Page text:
Feline leukemia is caused by an infectious virus which can cause a variety of diseases in cats, including leukemia.  It is usually fatal, with 80-90% of infected kitties dying within 3-4 years of diagnosis.  Because of its serious nature, it is vital for cat owners to understand this terrible disease.

Feline leukemia, or FeLV, is shed in the saliva and bodily fluids of the infected cat.  It is transmitted to other cats through direct, close contact such as during mutual grooming, fighting, or from a mother cat to her kittens.  The virus invades the cells in the infected cat’s body causing death or mutations of those cells.  This often results in cancer, the most common type being lymphoma.  Feline leukemia virus also suppresses the immune system so that the infected cat is unable to fight off infections.

When a cat is exposed to FeLV, most times it is able to fight off infection with a normal immune response.  Some cats are unable to fight off the virus, however, and become permanently infected.  These cats may not develop outward signs of a problem immediately, and can continue to transmit the virus to other cats.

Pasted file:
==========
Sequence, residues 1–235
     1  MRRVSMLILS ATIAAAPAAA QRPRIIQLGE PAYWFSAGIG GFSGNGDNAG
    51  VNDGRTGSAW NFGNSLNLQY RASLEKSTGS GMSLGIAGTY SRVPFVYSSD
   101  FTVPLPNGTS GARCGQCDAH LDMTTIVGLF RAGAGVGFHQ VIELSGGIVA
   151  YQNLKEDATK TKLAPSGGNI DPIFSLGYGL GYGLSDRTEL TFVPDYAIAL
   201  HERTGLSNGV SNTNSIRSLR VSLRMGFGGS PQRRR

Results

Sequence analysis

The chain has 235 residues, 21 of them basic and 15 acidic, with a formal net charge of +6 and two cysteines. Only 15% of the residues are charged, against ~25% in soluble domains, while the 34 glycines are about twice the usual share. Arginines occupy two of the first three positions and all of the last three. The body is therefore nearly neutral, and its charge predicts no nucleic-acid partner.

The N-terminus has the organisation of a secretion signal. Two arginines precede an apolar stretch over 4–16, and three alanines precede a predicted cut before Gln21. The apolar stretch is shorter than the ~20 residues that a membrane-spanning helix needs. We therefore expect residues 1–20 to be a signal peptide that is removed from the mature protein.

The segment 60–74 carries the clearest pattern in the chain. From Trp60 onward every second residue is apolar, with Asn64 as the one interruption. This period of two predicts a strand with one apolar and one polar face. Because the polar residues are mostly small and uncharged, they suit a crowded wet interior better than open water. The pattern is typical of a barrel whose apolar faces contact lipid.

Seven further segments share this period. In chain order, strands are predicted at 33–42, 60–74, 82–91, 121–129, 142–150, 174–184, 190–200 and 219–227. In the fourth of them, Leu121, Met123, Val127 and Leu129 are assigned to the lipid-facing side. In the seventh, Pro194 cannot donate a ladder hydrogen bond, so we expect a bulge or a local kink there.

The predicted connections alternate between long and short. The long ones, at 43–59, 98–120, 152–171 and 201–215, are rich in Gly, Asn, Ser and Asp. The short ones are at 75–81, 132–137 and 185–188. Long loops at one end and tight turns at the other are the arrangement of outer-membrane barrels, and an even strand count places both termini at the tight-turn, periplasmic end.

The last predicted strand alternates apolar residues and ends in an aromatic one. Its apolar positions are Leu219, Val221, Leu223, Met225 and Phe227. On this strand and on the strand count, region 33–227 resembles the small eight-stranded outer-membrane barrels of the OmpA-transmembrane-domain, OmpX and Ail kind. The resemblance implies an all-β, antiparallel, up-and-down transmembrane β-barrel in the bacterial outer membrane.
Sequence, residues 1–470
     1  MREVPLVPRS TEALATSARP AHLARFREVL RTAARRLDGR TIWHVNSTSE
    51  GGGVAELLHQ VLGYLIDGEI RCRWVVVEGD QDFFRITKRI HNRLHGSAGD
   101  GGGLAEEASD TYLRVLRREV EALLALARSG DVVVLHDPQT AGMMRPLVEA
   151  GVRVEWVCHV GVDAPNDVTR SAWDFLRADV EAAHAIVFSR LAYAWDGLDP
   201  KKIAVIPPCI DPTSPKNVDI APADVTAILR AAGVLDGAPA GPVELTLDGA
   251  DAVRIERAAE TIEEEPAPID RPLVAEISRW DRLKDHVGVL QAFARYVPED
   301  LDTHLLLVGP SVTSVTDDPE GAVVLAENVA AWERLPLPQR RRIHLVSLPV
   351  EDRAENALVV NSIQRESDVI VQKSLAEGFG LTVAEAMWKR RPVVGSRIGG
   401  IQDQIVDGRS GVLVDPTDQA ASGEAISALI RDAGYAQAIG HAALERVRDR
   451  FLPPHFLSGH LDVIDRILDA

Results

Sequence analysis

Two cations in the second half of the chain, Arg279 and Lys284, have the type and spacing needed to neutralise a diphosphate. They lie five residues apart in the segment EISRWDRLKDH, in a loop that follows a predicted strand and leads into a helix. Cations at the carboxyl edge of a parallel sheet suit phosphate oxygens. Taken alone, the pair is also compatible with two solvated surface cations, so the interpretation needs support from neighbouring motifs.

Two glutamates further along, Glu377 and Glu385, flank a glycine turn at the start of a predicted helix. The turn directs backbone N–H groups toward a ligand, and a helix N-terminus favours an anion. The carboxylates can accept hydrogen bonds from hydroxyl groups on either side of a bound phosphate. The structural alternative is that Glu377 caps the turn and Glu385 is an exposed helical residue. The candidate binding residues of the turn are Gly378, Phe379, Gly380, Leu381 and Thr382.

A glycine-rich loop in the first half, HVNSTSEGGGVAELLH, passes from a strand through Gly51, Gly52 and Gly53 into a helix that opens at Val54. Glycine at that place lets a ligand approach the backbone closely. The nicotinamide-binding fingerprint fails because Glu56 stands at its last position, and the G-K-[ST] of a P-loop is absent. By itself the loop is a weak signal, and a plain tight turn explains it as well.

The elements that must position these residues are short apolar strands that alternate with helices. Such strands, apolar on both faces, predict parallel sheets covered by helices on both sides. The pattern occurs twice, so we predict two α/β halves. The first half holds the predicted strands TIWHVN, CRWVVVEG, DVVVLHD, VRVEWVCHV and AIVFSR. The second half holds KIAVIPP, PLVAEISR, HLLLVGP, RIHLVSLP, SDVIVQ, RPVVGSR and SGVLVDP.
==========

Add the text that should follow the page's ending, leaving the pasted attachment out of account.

Diagnosis of FeLV is made through a simple blood test.  There is not, however, a cure for the disease.  Most cats will eventually die or need to be euthanized due to the infection or problems related to the infection.

The good news, however, is that there is a very effective vaccine that can help reduce your cat’s chances of contracting feline leukemia.  Keeping your cat indoors and away from unknown cats can also decrease the odds that he or she will be exposed to the virus.  Talk to your veterinarian about whether your cat could benefit from being vaccinated for feline leukemia.  It may just save his or her life.